This post is a long time coming, and one that I’ve been meaning to share for a while! Our favorite learning and sensory toys for autism. Our sweet boy has Autism, and from his countless hours of therapy sessions (and many wonderful therapists) we have learned SO much and also come across so many different awesome toys that he has LOVED! If you have a kid on the spectrum, as well, chances are finding toys they love to play with has been a bit of a struggle. Hopefully you find this post helpful in discovering some new toys that they will not only enjoy playing with, but also will help them developmentally!
What’s also so great about all of these toys is that they’re not just great for kids with Autism. Typically developing kids LOVE these toys too! Sophie is always fighting Sam over his “therapy” toys!
BRANDS WE LOVE
TOYS FOR AUTISM WE LOVE
WHAT WE DO: Put 3-5 pieces together and hand them over. For a higher level, we’ll make 2 separate little structures and have him point to choose one. Then, he pulls them all apart and puts the single pieces back into the container. For another level up, we have him sort the colors into separate piles on the floor.
WHAT WE DO: This is a much more simple toy that we use to try and encourage independent play. We’ll put it out near where he’s hanging out and have it available for him to go over and play with.
WHAT WE DO: Sophie really likes this one too so we practice turn-taking with this toy. They each have a few pieces and alternate putting them on. We also work on “which one is bigger” using this one by holding up two pieces and having him choose the larger or smaller one, based on what we ask.
WHAT WE DO: As I mentioned, we LOVE the “Fun Factory” piece that kids need to load with Play-Doh and then press down. Sam isn’t the biggest fan of filling it up, but if we do that part for him, he’s still using a lot of strength to push down the piece. He also likes the fun shapes that result from it. We let him pull them off and dangle them (read: stimming) for a few seconds as a reward.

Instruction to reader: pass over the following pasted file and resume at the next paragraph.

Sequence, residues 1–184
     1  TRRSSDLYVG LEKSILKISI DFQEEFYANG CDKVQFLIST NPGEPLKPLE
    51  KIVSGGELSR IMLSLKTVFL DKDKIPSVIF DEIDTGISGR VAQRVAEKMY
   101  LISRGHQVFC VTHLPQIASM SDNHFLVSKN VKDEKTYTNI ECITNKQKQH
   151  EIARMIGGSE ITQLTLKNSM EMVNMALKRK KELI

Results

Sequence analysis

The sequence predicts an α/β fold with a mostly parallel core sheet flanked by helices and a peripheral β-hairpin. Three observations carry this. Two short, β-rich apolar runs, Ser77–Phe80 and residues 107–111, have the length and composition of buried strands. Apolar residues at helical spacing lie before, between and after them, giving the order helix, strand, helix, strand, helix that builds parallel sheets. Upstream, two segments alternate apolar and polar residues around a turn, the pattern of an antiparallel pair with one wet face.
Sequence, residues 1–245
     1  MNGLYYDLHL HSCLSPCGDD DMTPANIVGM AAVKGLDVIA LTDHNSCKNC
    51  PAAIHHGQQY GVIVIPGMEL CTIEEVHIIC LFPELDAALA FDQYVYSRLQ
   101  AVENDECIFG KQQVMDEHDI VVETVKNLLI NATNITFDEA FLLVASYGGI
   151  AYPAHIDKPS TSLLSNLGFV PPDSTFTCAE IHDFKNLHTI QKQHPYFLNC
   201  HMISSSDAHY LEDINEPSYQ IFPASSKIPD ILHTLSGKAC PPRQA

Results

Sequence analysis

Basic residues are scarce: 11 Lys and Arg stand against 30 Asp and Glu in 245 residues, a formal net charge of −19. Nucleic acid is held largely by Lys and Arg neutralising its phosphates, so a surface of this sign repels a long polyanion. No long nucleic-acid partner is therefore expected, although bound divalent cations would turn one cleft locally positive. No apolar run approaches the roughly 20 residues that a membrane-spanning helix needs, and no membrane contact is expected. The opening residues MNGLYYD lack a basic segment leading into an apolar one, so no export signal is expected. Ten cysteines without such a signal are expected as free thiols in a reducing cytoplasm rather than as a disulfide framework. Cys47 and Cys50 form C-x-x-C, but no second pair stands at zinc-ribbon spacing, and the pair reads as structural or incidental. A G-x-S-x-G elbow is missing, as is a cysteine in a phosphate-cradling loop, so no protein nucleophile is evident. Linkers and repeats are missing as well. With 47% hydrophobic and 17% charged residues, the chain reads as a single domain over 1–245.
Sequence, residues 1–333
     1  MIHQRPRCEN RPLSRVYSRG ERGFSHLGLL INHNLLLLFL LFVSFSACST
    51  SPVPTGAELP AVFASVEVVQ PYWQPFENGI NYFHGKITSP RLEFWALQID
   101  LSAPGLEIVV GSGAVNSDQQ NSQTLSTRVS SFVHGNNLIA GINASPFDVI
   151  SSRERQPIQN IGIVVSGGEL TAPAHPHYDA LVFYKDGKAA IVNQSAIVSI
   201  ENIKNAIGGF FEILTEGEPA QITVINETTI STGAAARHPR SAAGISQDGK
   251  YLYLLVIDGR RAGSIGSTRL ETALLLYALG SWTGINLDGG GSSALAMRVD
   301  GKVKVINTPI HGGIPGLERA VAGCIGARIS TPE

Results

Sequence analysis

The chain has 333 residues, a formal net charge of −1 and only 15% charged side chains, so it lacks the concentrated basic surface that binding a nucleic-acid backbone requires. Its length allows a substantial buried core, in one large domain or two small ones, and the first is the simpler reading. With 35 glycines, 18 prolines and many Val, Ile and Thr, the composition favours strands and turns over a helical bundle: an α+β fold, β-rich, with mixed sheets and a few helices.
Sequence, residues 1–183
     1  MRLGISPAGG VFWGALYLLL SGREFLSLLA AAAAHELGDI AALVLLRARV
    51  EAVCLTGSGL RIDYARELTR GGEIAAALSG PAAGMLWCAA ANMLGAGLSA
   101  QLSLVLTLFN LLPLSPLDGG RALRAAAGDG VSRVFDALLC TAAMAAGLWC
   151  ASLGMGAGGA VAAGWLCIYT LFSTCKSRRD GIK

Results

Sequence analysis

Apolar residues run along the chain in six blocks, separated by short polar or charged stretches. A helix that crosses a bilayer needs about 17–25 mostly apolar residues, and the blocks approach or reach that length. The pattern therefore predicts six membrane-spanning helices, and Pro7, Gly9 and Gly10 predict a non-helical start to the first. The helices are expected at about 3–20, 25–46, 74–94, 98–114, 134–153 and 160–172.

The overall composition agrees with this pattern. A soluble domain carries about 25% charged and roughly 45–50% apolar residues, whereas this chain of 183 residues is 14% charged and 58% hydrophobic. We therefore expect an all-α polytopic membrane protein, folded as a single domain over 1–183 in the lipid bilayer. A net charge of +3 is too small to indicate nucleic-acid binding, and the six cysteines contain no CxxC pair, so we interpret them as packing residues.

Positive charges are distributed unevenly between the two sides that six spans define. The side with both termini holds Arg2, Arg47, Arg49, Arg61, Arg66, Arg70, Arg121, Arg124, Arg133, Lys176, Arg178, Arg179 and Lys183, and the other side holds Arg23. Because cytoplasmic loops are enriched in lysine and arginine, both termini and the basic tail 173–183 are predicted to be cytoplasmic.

WHAT WE DO: Not much different than standard reading best practices – labeling items, having him point to specific animals/pictures in the book, reading less words and moving quicker to keep his interest. Touch-and-feel books keep Sam’s attention independently more than just about anything.
WHAT WE DO: We let Sam play with this as hands-on as he wants. Sensory exploration is important and we don’t want to restrict him much with it. We’ll encourage scooping and squeezing with this stuff.
WHAT WE DO: not much here other than having it out and about and ready to use. Sometimes, when he’s feeling very “climby” we’ll move it next to the couch so he can crash/jump/fall into it.
WHAT WE DO: We’ll have Sam sort colored balls into piles. We’ll work on overhand throwing with the balls, and teaching that we throw balls, but not other toys. When he throws other things, we grab one of these and show him, “look, we throw balls only” then throw one. Letting Sam play and lay in the balls gives him deep pressure from the balls in a way that’s hard to achieve in other ways.
WHAT WE DO: With the Magna-Tiles, we practice taking turns while building things with Sophie, or with one of us. We also sort by colors and practice choosing with a point by holding up two pieces and having him point to the one he wants.
WHAT WE DO: We don’t do a whole lot with these. We approach this toy with a different strategy. Sam prefers to stim with these. We use them as a reward, or more often, as a highly preferred toy to get us through something we need to do. Example: we’ll bring these to the grocery store, or a restaurant to break out if he starts to get antsy. We’re big on finding a few items that are almost guaranteed to be interesting enough to get us through any given situation.